Widening the market share for CAC’s Kia brand poses a formidable task, but Ginia believes its “advanced design, superior technology, performance and, most especially, product reliability,” will help her drive the brand to new heights.

“In the first half of 2012, we are up 78 percent versus the same period last year. This is primarily because of our Kia Rio, which we launched last January. This accounted for more than 40 percent share of total Kia sales. This was followed by our second and third bestsellers, the Sportage and Picanto, respectively,” she enthuses.

She adds that CAC will be launching the Optima at the Phil International Motorshow this August, and “we will also be revealing the new look of the Sorento plus one other surprise attraction. The motorshow is open to the public from August 17 to 19.”

Ginia’s tenacity, which has made her a star in the local auto sales and marketing world, was most likely shaped in her formative years as she watched her parents drive their own careers.

Her father, Ramon Roxas, for instance started his career as a school bus driver in San Beda College. “The Americans at Sangley Point taught him how to drive and speak English,” Ginia narrates. He would leave home before 6 am every day to pick up students and bring them to school, then back again to their homes at the end of the day. He was then promoted to several positions until he finally retired as a liaison officer of the college.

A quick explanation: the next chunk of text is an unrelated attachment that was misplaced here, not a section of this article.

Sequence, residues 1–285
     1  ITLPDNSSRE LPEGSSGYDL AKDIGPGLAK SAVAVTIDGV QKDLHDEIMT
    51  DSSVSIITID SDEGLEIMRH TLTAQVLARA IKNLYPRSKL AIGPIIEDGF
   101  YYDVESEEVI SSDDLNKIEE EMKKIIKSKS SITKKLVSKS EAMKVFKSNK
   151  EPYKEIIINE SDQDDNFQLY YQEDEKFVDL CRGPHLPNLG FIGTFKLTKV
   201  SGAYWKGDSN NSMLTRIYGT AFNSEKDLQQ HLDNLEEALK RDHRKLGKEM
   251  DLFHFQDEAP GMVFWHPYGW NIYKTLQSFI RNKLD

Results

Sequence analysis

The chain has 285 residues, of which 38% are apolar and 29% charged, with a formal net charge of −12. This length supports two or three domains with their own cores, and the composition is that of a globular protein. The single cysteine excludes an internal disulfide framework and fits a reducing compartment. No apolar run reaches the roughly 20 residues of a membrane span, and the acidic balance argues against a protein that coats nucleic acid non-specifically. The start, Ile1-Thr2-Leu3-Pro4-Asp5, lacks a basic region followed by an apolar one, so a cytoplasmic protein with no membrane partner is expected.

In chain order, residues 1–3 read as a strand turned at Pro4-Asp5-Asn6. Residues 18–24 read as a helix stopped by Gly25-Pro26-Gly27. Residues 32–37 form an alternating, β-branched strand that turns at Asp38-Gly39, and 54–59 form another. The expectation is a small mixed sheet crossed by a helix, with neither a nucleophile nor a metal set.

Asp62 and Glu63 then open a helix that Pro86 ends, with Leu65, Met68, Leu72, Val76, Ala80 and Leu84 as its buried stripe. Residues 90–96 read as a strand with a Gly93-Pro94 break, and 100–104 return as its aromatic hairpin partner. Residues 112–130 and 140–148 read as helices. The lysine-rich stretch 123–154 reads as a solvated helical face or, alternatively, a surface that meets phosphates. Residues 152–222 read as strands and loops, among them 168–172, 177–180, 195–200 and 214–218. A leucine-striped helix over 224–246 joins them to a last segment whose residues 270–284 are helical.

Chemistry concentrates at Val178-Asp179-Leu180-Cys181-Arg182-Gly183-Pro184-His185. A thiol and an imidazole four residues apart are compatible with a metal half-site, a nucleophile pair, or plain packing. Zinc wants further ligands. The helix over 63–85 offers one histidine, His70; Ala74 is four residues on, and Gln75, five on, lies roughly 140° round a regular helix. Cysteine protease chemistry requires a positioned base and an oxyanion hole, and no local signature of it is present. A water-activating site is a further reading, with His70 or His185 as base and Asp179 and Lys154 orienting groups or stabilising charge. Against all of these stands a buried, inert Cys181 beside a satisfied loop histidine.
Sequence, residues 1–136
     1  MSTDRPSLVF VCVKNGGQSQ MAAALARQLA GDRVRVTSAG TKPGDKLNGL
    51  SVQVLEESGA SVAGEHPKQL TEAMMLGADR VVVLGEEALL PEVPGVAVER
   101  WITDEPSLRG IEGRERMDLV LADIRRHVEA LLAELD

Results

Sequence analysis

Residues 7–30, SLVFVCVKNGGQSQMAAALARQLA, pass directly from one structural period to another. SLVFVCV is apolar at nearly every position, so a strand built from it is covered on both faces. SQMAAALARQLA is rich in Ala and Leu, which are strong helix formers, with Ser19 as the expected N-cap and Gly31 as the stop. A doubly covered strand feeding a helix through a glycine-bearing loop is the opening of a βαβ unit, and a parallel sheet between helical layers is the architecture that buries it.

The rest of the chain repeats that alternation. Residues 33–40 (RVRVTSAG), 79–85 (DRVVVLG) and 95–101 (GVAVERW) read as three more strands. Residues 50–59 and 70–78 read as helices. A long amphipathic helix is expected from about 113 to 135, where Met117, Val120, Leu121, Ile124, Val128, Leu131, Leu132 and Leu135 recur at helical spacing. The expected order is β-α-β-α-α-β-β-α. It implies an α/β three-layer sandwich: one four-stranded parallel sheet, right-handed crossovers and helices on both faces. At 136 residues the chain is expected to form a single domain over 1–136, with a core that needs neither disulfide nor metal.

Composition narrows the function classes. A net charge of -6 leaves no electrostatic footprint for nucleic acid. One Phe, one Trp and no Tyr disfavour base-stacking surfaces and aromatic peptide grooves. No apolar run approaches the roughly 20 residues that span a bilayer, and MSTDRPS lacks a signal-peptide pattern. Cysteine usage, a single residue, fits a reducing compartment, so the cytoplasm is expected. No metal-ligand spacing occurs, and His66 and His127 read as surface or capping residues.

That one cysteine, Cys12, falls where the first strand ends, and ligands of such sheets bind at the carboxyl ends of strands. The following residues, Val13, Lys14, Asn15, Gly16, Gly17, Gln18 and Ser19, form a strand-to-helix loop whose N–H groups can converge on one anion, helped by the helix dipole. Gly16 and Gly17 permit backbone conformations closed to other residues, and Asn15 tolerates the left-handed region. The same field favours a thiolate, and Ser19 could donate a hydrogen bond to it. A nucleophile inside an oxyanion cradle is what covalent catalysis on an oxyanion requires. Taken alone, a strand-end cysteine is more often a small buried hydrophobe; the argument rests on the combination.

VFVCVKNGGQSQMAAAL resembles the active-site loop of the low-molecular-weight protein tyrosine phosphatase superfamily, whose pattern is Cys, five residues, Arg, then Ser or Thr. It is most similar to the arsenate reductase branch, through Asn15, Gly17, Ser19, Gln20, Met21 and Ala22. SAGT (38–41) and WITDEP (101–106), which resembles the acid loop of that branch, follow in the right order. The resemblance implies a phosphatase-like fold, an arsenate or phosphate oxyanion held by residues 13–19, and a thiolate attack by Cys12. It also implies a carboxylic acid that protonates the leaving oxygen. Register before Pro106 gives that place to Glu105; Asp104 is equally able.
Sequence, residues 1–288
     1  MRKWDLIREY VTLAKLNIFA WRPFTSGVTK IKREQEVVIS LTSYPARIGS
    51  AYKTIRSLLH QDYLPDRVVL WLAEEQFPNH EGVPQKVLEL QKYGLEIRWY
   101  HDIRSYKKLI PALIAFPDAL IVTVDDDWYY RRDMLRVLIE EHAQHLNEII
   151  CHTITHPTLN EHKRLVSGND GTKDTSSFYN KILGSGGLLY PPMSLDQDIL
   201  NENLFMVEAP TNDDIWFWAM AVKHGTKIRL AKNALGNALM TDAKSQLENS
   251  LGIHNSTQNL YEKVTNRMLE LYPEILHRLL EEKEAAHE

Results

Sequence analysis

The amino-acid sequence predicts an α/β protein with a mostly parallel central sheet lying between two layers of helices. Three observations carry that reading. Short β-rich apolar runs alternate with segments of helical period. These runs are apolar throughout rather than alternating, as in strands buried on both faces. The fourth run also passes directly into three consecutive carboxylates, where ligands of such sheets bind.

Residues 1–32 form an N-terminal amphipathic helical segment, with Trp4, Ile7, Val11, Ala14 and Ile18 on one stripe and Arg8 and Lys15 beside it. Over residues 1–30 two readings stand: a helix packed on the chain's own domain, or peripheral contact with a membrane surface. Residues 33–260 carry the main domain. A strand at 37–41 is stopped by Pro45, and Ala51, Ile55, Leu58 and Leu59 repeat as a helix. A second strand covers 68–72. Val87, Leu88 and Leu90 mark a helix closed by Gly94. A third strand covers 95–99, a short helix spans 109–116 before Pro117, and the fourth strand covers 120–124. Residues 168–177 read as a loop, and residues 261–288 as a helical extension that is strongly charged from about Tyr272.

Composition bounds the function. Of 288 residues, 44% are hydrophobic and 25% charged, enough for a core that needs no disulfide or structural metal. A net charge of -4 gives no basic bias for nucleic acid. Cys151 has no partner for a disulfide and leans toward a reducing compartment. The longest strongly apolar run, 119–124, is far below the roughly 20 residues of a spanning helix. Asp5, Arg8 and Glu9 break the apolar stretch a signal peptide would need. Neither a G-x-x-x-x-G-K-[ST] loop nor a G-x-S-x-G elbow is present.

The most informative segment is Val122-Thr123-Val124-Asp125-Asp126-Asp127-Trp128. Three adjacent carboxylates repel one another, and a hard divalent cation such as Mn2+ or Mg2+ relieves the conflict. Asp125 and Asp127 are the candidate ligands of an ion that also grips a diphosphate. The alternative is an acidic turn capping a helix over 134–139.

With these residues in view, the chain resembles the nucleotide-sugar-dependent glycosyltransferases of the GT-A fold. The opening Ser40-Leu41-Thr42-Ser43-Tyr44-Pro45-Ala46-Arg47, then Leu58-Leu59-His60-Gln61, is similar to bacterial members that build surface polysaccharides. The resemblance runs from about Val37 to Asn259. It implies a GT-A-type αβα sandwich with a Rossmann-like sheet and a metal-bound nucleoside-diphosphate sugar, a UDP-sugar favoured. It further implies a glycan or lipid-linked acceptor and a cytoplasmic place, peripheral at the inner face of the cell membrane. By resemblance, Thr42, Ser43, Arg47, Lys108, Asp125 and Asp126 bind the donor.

Even though only a high-school graduate, Ginia’s mother, the former Virginia Vidal, was a schoolteacher in Bicol. But when she started working at the Insurance Commission in Manila, Virginia couldn’t get promoted to a higher post because she didn’t have a college degree. “So she went to night school at the Lyceum, and finished a degree in BSC Accounting. She graduated when I was in grade school and she became qualified to be a supervisor,” Ginia says, proudly.

So even at a young age, Ginia already knew that if she was diligent enough, and put in the hard work, she would get somewhere someday. At the University of Sto. Tomas where she studied from elementary to college, she was a remarkable student. She graduated with honors, and was either president of her class, the Student Council, or the Economics Society. “Ewan ko ba, bata pa lang ata ako, type A personality na ako,” the statuesque beauty says with a giggle.

Ginia also liked learning new things and abhorred boring desk jobs where one had to do the same thing every day—which was why she eventually quit her job as a financial analyst in a bank after three years.

So when her old boss Severino Lim told her to sell cars when he put up his Toyota Shaw dealership, she accepted and was unfazed that she had to start at the bottom as a sales agent, when she was already Lim’s executive assistant. “S’yempre pag-EA ka, right hand ka ng amo, maganda na stature mo, magandang sweldo mo, me driver ka pa, pasusundo ka pa. Eto hindi, balik ako dun, ahente ako, basic ka, may commission, which was hard,” Ginia recalls those early years.

But at 25 and at the peak of her career as a single woman, she found “a knack” for sales. “To me it wasn’t just selling. I found the exercise mentally stimulating.... I have the cars you, the head of purchasing, need. At the end of the day, it’s only the price we have to agree on.” She says it was also about creating relationships with the customers, which she enjoyed as she had an outgoing, friendly personality. Many of these clients have become good friends over the years.